in The history of emotions
Rob Boddice

An overview of the historiography of emotions that makes a call for the historicisation of the human being. The chapter emphasises the history of emotions component to the narratives of Thucydides and Michelet, before finding a programme for the history of emotions in the early years of the discipline of psychology. The chapter also details the flirtation of the Annales school with emotions, and the components of psychohistory that might yet be salvaged. It concludes by appraising the historiographical turn to the neurosciences, and the range of available sources that allow us to practice the history of emotions.

in The history of emotions
Author: Rob Boddice

The history of emotions is the first accessible textbook on the theories, methods, achievements, and problems in this burgeoning field of historical inquiry. Historians of emotion borrow heavily from the disciplines of anthropology, psychology, philosophy and neuroscience, and stake out a claim that emotions have a past and change over time. This book introduces students and professional historians to the main areas of concern in the history of emotions, discussing how the emotions intersect with other lines of historical research relating to power, practice, society and morality. Providing a narrative of historical emotions concepts, the book is the go-to handbook for understanding the problems of interpreting historical experience, collating and evaluating all the principal methodological tools generated and used by historians of emotion. It also lays out an historiographical map of emotions history research in the past and present, and sets the agenda for the future of the history of emotions. Chiefly centring on the rapprochement of the humanities and the neurosciences, the book proposes a way forward in which disciplinary lines become blurred. Addressing criticism from both within and without the discipline of history, The history of emotions offers a rigorous defence of this new approach, demonstrating its potential to lie at the centre of historiographical practice, as well as the importance of this kind of historical work for our general understanding of the human brain and the meaning of human experience.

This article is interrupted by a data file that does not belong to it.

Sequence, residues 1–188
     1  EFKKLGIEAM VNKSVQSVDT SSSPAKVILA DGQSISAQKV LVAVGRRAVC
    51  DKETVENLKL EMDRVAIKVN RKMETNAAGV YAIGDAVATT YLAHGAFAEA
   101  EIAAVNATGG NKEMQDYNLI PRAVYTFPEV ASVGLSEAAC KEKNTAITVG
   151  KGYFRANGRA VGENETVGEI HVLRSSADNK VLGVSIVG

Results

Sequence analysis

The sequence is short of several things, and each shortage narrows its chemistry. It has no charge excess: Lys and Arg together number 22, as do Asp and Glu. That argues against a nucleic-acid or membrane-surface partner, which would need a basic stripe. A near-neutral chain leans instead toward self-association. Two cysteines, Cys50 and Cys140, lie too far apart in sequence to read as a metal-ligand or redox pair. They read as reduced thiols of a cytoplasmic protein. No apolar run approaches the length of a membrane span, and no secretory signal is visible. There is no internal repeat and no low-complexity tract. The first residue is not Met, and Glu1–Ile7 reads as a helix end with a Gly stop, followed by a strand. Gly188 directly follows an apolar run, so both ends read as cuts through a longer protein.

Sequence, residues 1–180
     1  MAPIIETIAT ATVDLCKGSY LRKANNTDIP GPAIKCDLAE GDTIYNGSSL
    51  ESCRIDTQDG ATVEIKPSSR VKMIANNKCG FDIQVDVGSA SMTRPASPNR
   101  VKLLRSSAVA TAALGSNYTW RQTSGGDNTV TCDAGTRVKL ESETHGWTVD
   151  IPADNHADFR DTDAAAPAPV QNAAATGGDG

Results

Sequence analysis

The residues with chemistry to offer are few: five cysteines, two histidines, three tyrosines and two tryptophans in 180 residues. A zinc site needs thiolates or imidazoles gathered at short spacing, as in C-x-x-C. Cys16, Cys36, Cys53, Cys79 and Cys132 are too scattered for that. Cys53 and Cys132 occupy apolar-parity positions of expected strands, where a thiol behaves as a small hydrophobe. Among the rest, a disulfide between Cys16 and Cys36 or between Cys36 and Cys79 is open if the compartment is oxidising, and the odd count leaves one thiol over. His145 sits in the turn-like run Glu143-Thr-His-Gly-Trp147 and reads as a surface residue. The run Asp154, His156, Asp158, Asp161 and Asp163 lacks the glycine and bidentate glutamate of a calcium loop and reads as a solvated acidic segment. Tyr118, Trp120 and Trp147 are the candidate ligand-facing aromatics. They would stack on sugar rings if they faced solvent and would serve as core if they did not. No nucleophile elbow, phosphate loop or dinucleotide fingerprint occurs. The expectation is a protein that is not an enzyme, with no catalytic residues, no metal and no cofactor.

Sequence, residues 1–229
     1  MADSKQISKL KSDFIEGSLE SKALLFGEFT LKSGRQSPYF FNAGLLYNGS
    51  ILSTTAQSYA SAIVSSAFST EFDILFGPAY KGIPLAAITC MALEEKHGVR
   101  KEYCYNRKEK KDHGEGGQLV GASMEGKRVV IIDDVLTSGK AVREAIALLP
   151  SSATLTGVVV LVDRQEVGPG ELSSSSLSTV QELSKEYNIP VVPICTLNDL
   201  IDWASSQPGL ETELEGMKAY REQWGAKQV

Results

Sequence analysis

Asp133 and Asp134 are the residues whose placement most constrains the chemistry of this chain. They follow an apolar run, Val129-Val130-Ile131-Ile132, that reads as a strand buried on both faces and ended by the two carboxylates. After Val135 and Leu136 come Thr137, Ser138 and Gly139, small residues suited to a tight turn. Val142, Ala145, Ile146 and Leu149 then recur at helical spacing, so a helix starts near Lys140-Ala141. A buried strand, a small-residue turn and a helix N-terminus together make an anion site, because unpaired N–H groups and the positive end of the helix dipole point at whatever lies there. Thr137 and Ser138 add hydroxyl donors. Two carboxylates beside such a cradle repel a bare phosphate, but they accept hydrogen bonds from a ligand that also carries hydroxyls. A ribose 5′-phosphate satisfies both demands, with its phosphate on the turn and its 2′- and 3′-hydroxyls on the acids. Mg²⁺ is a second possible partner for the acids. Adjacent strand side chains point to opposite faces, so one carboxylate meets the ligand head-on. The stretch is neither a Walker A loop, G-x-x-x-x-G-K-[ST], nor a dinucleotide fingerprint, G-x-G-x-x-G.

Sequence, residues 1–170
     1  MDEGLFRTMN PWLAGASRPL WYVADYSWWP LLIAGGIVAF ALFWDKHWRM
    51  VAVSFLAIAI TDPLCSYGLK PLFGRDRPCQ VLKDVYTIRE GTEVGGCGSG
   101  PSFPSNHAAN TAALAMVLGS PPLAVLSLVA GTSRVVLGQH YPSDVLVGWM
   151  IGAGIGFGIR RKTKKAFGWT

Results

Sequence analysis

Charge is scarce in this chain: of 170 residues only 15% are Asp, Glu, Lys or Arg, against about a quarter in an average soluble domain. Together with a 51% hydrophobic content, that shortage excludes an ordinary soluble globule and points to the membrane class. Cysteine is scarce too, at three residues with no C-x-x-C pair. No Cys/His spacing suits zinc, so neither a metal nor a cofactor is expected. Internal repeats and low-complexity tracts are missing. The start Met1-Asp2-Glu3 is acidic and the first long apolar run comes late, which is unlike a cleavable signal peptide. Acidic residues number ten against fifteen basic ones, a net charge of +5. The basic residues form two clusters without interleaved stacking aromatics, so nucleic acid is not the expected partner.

Abstract only
Rob Boddice

The introduction puts forward the book's main claims. 1. Emotions change over time: that is to say, emotions are as much the subject of historical enquiry as anything else. 2. Emotions are not merely the effect of historical circumstances, expressed in the aftermath of events, but are active causes of events and richly enhance historiographical theories of causation. 3. Emotions are at the centre of the history of the human being, considered as a biocultural entity that is characterised as a worlded body, in worlds of other worlded bodies. 4. Emotions are at the centre of the history of morality, for it is becoming increasingly unlikely that any account of human virtue, morals or ethics can be devoid of an analysis of its historical emotional context. Taken together, the history of emotions is therefore putting the emotions at the centre of historiographical practice.

in The history of emotions